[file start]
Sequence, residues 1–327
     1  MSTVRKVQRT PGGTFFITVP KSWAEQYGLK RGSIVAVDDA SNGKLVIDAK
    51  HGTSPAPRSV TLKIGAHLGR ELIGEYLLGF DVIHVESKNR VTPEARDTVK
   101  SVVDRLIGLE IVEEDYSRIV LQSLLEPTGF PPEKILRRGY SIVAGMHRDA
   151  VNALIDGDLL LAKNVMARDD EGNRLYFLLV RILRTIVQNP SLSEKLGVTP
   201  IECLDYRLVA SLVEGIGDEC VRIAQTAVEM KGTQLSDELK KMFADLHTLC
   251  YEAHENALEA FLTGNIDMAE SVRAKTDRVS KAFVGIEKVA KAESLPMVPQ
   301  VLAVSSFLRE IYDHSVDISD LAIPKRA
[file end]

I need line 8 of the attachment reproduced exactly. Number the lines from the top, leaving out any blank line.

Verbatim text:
   301  VLAVSSFLRE IYDHSVDISD LAIPKRA